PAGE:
Biggest problem, though is when you get people who want a pro but can only "afford" and "intern."
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#14 Sasha Riu

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Posted 19 August 2009 - 10:15 AM

Internships, for example and come to think of it.
Of course, and just to be both sides many people also don't get noticed and make money. A lot of this comes down to one's self and one's own ability to navigate the waters of the world-- true for employment, love, etc etc....

Biggest problem, though is when you get people who want a pro but can only "afford" and "intern."




Yes, you're right!

Law, banking, science....

they all have internships which for the most part refers to a fresh graduate who needs a foot in a real working enviroment. After a trial period they either get hired or apply for a paid position elsewhere based on that internship experiance.

But I have a feeling that only in this industry you have a situation where in any single position above the line, you can fine a person who is willing to work for free even if they have a previous experience.

Therefore it is expected practice sort of speak to receive and demand a free labor (intership) from your colaborators which ultimatly brings down the value (and the price) of what people in this industry actually do...

Than as a cause (or a consequence) you have a catch-22 situation where is normal to provide the "opportunity" (and publicly list it as a job) and willingly to provide the service such as 32 year old serving as an intern in the pre-production department or something....

I mean, what is so attractive about been a office clerk in a film/media company full time and not getting payed for it?
:)

And the same goes for camera, animation, design departments....

Are we all really such a masochists?
:)
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#15 Adrian Sierkowski

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Posted 19 August 2009 - 03:05 PM

I think it's the "glam" notion in a lot of ways, that or we actually are all deeply passionate, for a time, before being beat over the head with a reality stick ;)
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#16 Jon Rosenbloom

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Posted 21 August 2009 - 04:49 PM

You don't get paid for the photography, you get paid for shouldering a lot of responsibility and putting up with a lot of aggravation, so why not ask for $2500/ wk? In the realm of DP pay, that's pretty low (about 1/3 the full budget rate for a non-superstar), but you're not giving it away. Good luck!
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#17 Jorn van Oostende

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Posted 29 August 2009 - 08:16 PM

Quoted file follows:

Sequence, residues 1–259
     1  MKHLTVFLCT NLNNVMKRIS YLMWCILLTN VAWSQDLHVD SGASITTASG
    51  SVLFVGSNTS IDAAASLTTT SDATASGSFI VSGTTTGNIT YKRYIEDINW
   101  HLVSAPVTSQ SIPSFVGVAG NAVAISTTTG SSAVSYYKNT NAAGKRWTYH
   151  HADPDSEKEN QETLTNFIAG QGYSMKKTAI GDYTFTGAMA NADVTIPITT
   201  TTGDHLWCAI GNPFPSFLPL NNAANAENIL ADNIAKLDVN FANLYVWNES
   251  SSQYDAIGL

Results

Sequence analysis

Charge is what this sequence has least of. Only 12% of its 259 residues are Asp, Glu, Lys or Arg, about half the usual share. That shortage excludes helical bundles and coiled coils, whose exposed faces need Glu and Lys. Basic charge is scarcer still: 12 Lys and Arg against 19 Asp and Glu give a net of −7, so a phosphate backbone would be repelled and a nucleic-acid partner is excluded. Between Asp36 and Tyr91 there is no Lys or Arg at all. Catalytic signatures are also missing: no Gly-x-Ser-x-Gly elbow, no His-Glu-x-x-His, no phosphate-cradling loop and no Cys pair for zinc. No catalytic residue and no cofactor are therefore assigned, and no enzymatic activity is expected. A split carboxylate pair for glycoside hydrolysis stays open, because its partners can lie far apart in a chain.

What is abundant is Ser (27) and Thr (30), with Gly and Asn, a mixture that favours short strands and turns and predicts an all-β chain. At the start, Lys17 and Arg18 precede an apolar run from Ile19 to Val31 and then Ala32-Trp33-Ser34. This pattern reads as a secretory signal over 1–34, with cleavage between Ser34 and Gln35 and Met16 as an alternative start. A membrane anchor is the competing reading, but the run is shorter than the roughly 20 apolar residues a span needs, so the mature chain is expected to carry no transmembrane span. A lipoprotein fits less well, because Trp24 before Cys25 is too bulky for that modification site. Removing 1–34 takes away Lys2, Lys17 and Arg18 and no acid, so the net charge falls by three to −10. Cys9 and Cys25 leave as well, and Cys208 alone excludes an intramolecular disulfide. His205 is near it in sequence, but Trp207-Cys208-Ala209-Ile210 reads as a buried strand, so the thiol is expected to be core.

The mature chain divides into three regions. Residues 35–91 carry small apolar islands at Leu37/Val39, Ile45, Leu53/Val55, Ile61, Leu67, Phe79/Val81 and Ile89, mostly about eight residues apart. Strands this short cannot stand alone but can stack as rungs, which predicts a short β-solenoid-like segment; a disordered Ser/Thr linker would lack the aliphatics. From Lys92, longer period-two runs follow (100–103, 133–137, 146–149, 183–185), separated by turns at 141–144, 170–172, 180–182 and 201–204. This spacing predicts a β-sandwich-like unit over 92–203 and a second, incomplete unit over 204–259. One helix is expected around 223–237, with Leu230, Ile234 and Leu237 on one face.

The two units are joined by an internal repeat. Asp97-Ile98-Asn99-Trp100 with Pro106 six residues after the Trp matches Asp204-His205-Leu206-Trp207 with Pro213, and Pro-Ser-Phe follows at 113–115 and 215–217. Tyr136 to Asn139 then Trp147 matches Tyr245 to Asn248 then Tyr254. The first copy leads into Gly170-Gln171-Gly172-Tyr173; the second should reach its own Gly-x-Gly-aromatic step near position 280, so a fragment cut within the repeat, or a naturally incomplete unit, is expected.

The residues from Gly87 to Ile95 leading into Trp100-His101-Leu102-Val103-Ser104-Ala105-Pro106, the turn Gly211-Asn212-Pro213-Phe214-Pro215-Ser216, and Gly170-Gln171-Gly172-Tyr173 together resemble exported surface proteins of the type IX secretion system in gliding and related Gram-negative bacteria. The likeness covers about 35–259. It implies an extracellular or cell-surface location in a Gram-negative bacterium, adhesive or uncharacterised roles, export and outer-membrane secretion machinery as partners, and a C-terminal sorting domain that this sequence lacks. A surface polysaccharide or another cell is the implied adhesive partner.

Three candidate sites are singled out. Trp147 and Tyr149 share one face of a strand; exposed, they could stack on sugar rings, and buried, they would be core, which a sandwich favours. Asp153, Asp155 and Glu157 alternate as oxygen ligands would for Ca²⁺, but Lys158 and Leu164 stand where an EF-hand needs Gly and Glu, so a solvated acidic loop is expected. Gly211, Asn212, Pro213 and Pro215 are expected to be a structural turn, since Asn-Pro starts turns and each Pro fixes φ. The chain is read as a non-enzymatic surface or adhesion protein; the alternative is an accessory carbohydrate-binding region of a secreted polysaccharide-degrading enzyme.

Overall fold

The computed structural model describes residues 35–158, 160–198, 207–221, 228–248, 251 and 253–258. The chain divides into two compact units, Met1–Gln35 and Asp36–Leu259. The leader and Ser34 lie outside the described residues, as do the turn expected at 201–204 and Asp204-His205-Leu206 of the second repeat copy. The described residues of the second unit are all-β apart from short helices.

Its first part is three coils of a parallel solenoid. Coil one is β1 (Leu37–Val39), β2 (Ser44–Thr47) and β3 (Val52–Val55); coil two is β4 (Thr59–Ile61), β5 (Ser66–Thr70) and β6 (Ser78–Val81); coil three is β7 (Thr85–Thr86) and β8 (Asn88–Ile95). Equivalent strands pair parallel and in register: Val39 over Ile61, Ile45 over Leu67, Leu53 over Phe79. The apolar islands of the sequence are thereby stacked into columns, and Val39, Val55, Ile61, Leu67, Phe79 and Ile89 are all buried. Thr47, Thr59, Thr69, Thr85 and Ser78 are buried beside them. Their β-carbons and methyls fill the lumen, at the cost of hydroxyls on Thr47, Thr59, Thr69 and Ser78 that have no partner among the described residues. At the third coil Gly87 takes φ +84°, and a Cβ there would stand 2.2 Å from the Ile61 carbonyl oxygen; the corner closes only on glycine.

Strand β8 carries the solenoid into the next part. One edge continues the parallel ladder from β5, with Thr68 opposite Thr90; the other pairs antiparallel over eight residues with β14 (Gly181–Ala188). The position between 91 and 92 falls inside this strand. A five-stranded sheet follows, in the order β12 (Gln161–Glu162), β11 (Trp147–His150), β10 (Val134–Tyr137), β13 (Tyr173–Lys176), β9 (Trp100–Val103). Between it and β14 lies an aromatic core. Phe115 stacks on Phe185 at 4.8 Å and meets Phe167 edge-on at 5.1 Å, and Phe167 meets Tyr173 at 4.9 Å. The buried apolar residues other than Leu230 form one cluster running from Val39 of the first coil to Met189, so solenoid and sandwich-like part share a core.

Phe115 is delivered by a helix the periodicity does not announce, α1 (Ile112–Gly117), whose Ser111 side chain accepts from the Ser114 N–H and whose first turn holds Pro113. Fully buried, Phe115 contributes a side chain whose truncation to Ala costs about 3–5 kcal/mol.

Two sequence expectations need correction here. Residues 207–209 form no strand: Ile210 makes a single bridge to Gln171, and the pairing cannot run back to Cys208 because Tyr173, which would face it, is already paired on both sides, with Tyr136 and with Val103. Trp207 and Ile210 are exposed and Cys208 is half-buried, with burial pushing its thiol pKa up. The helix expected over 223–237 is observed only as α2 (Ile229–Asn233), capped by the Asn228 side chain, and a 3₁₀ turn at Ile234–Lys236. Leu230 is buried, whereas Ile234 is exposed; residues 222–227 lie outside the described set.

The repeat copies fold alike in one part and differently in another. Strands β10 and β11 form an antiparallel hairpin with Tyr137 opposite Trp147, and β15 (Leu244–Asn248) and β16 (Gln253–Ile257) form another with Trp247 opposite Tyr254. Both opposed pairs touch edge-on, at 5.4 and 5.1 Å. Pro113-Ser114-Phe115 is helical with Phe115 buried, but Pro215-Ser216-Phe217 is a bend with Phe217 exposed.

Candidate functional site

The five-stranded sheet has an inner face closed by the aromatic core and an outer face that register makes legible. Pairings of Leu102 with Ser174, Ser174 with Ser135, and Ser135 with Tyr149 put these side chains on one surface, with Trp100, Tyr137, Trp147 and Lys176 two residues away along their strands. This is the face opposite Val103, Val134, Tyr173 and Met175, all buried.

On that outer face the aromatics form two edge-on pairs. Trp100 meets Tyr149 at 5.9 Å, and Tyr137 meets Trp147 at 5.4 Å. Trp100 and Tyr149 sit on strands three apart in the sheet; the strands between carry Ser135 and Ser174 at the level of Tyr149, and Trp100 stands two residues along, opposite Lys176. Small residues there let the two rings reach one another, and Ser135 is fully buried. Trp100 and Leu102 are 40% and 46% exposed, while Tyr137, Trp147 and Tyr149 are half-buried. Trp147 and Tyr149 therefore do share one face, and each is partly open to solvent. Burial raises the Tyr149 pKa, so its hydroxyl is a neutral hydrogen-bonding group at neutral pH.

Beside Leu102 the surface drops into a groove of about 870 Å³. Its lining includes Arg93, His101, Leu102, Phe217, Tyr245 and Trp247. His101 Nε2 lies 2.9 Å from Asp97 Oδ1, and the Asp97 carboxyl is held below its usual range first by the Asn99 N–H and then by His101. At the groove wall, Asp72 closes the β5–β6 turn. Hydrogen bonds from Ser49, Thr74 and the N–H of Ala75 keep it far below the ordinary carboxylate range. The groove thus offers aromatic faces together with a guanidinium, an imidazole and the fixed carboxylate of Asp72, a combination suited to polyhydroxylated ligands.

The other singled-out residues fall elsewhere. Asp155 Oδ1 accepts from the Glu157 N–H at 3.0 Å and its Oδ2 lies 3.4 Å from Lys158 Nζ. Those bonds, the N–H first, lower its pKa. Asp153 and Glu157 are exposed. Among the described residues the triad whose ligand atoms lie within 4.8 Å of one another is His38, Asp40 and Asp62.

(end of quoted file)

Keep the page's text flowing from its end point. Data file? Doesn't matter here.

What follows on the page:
A producer showed me the 140 or so responses she got from an ad she placed on craigslist for a DP position for a upcoming indie feature not that long ago. You guys would be shocked to learn what some of your colleagues are willing to work for: from ridiculous low rates (think PA on a super low budget indie), to offering complete RED camera, light and grip packages for free. Very depressing.
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#18 Chad Stockfleth

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Posted 31 August 2009 - 10:51 AM

$500 a day wouldn't be an unreasonable starting point. Especially on something with a lengthy shooting schedule. It's sad that people are willing to work so cheap, but don't shoot yourself in the foot before you take the first step. Ask for what you want, then negotiate.

If you hire someone to work for free, what sort of product do you expect? As a producer, what recourse do you have if it doesn't turn out? Hell, they basically did you a favor by doing it for nothing.
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#19 Adrian Sierkowski

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Posted 31 August 2009 - 11:01 AM

Totally agree with Chad. I always ask what they can offer first and work from there. If I can accept their offer, I am not going to bog myself down with negotiations (and sometimes they offer more than I'd ask for anyway)
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#20 Andrew Paquette

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Posted 23 August 2014 - 10:47 AM

Disclaimer: I'm on this forum because I was doing research for a class I am teaching on CG lighting and ran across this topic. I am not a cinematographer. Before I started teaching, I worked as a CG lighter, VFX artist, and art director. The question is generic for professional freelancers though and I have plenty of experience doing that and in hiring for freelance and permanent positions.

 

My favorite way of dealing with this question is to ask for a "fair rate relative to the project" with the proviso that if I later decide it wasn't fair, then I'll be busy the next time I'm called by that client. If the "fair rate" requires mortgaging my house to survive while I do the job (because it takes six months, I have to bring my own gear, etc), then it is not acceptable regardless if it is fair. Bottom line is that the career is more important than the money on any one job. If you are working, you (potentially) have something to add to your reel and credits and you'll get something to tide you over while you wait for the bigger jobs you really want to do. An honest producer will give a fair rate proportionate to the means of the project. A dishonest producer won't, but hopefully you can spot these guys a mile away and refuse to work for them. I knew a writer who wasted five years of career time involved in a lawsuit over payment. He won the lawsuit and got the money he would have earned during that period if he had been working, but because of the lawsuit he wasn't working. This means that for five years of painful effort, he got five years' wages (minus legal fees), a lot of heartburn, and nothing for his resume. For people starting out, low rates are less a concern than the importance of working. After you get more established, the rates become more important. Even then, they should never become the only reason for saying yes to a job. I know one guy who was offered $50k or 5% of a project. He took the $50k and regretted it because the 5% turned out to be worth millions (which was paid to others who agreed to that payment formulation).

 

I've been stiffed on fees before, but it is very rare, and I've done free work that got me other jobs. I've taken low rates and very high rates. Overall, I have always been most satisfied with the jobs where I was not the highest paid guy in the room, but not the lowest either.

 

FWIW,

 

AP